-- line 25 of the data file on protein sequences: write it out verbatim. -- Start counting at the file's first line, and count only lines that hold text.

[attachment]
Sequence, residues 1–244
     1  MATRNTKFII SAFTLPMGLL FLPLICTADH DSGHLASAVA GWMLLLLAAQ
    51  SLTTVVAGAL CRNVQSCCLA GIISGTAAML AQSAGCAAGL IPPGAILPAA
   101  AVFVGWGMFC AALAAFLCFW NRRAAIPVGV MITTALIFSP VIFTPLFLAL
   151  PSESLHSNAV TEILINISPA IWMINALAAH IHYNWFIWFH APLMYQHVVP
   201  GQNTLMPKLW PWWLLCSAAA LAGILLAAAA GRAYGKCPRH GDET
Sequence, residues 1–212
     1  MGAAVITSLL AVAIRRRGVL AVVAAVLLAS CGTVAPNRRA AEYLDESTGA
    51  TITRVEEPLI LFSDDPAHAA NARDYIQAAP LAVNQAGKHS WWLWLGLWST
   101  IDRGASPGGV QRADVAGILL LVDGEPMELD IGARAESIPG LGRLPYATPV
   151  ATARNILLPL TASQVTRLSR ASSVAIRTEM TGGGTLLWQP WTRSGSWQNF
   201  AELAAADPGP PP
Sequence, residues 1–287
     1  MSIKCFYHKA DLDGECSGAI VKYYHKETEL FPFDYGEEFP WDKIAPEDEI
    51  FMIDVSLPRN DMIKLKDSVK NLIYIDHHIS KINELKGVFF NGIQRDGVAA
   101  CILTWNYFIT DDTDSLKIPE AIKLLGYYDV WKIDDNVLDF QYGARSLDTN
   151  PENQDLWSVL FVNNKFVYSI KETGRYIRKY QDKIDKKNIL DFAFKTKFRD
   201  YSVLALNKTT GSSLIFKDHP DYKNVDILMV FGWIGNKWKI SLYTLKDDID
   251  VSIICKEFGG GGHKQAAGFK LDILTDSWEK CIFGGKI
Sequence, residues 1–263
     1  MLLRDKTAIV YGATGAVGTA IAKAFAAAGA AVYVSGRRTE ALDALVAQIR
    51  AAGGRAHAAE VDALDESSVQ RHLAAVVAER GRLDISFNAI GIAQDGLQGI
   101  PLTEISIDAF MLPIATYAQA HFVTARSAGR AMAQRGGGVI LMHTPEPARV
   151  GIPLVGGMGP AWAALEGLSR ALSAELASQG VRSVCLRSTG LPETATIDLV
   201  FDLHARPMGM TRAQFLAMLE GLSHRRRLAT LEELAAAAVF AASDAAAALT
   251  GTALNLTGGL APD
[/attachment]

   201  FDLHARPMGM TRAQFLAMLE GLSHRRRLAT LEELAAAAVF AASDAAAALT